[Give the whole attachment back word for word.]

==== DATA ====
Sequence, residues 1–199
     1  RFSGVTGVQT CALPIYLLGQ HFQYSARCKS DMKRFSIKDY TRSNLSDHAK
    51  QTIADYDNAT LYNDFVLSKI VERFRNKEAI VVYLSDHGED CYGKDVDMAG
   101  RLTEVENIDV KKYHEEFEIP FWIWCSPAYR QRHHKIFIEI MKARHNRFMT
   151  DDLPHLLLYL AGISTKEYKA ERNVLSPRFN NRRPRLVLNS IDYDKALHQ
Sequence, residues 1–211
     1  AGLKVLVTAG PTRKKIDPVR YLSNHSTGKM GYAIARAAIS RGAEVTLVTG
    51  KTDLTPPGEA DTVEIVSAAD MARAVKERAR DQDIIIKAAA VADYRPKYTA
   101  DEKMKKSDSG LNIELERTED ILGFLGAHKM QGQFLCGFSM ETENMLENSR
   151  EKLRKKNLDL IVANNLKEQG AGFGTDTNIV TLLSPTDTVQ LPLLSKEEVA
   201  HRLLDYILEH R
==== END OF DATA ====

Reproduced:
Sequence, residues 1–199
     1  RFSGVTGVQT CALPIYLLGQ HFQYSARCKS DMKRFSIKDY TRSNLSDHAK
    51  QTIADYDNAT LYNDFVLSKI VERFRNKEAI VVYLSDHGED CYGKDVDMAG
   101  RLTEVENIDV KKYHEEFEIP FWIWCSPAYR QRHHKIFIEI MKARHNRFMT
   151  DDLPHLLLYL AGISTKEYKA ERNVLSPRFN NRRPRLVLNS IDYDKALHQ
Sequence, residues 1–211
     1  AGLKVLVTAG PTRKKIDPVR YLSNHSTGKM GYAIARAAIS RGAEVTLVTG
    51  KTDLTPPGEA DTVEIVSAAD MARAVKERAR DQDIIIKAAA VADYRPKYTA
   101  DEKMKKSDSG LNIELERTED ILGFLGAHKM QGQFLCGFSM ETENMLENSR
   151  EKLRKKNLDL IVANNLKEQG AGFGTDTNIV TLLSPTDTVQ LPLLSKEEVA
   201  HRLLDYILEH R